Forum for Science, Industry and Business

Sponsored by:     3M 
Search our Site:

 

Swine cells could power artificial liver

28.02.2013
Stem cell line could also advance research into liver cancers, cystic fibrosis

Chronic or acute, liver failure can be deadly. Toxins take over, the skin turns yellow and higher brain function slows.

"There is no effective therapy at the moment to deal with the toxins that build up in your body," said Neil Talbot, a Research Animal Scientist for the USDA Agricultural Research Service. "Their only option now is to transplant a liver."

Talbot thinks a line of special liver cells could change that. In an interview with the American Society of Animal Science, he discussed how a line of pig liver cells called PICM-19 could perform many of the same functions as a human liver.

In 1991, Talbot created PICM-19 from the cells of an 8-day-old pig embryo. The cell line is significant because it is "immortal," meaning the cells can divide an infinite number of times. Many immortal cells lines continue dividing because they are derived from cancer cells; however, PICM-19 cells are derived from epiblast cells, the embryonic stem cells that form in the early stages of embryo development.

This immortal cell line has helped Talbot study how cells differentiate. Cells from the PICM-19 lines naturally differentiate into bile duct cells or hepatocytes. Hepatocytes do the bulk of the work in a liver. Hepatocytes form and secrete bile, store glycogen, control blood glucose, process vitamin D, and metabolize cholesterol and fat.

"The PICM- 19 cells are the cells that really do all the metabolic functions of the liver," said Talbot.

Hepatocytes also "scrub" toxins from the blood. Talbot said PICM-19 cells could do the same thing inside an artificial liver. There have already been several in vitro tests of artificial liver devices, and the ARS scientists are working on ways to grow the PICM-19 cells without needing "feeder cells." Feeder cells are mouse cells that hold PICM-19 cells in place and provide important molecules for PICM-19 cell growth and maintenance.

Artificial livers are still in development, but Talbot pointed out other applications for PICM-19 cells. Talbot and fellow scientists have used PICM-19 to study malaria, toxoplasmosis and hepatitis viruses. Researchers could also use the cells to study certain cancers of the liver or investigate the changes in the bile duct associated with cystic fibrosis.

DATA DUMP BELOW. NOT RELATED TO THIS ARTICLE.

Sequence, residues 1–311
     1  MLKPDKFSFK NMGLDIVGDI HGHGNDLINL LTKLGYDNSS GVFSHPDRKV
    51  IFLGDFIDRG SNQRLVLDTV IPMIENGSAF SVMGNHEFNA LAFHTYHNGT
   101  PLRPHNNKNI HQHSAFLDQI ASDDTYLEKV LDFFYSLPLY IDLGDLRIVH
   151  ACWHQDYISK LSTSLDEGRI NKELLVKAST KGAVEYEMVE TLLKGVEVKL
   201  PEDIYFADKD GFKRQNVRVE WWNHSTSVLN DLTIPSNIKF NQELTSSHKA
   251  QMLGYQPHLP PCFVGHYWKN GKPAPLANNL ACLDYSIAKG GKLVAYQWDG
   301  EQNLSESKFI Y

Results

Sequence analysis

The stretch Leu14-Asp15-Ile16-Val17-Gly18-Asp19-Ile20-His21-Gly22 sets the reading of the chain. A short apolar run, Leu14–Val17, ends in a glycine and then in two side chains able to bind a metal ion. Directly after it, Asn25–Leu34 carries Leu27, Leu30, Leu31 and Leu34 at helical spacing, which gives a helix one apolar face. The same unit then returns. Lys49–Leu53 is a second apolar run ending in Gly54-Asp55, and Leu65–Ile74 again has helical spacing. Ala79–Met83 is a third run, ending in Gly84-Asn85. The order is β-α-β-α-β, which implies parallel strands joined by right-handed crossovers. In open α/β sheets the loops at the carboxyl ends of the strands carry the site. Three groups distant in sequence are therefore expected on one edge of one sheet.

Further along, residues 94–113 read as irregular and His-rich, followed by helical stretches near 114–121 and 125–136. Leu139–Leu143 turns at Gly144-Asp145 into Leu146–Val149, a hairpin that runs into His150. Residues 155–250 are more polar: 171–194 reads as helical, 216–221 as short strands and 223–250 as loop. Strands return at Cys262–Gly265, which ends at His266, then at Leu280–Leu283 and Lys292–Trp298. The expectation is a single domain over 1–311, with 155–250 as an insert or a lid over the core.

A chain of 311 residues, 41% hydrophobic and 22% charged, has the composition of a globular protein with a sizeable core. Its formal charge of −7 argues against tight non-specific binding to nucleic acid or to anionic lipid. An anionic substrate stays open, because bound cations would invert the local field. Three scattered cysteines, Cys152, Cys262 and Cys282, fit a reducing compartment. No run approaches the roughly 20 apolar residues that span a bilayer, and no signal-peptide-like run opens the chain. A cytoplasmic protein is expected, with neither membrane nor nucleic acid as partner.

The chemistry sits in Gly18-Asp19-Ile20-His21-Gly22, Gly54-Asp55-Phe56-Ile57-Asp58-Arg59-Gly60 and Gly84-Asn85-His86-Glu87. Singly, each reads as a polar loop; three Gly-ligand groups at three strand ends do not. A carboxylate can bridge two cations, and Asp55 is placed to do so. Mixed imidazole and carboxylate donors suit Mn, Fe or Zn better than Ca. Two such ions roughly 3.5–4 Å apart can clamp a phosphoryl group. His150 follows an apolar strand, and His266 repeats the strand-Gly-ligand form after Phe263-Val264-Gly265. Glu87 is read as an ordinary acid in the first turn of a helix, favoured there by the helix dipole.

Talbot recommends future studies on how PICM-19 cells respond to selective pressures. He said scientists could select for more efficient liver cells by exposing PICM-19 cells to toxins in culture.

"A lot of cells would die, but the survivors would really be tough," Talbot said.

Those tougher cells could make artificial liver devices more effective. Scientists could also use genetic modification to prompt PICM-19 cells to behave like other cells in the body.

"Maybe we want to enable it to make insulin," Talbot said. "It will be like a pancreas."

With PICM-19 cells filling in for livers or other organs, the transplant list could get a lot shorter.

Tom Caperna, an ARS Research Biologist and collaborator with Talbot, presented their work on PICM-19 during the Growth and Development Symposium at the 2012 Joint Annual Meeting. The full symposium summary is titled "Growth and Development Symposium: Development, characterization, and use of a porcine epiblast-derived stem cell line: ARS-PICM-19." It can be read in full at journalofanimalscience.org.

Scientific Contact:

Neil Talbot
USDA Agricultural Research Service
301-504-8216 / neil.talbot@ars.usda.gov
Media Contact:
Madeline McCurry-Schmidt
American Society of Animal Science

Madeline McCurry-Schmidt | EurekAlert!
Further information:
http://www.asas.org

More articles from Health and Medicine:

nachricht New malaria analysis method reveals disease severity in minutes
14.08.2017 | University of British Columbia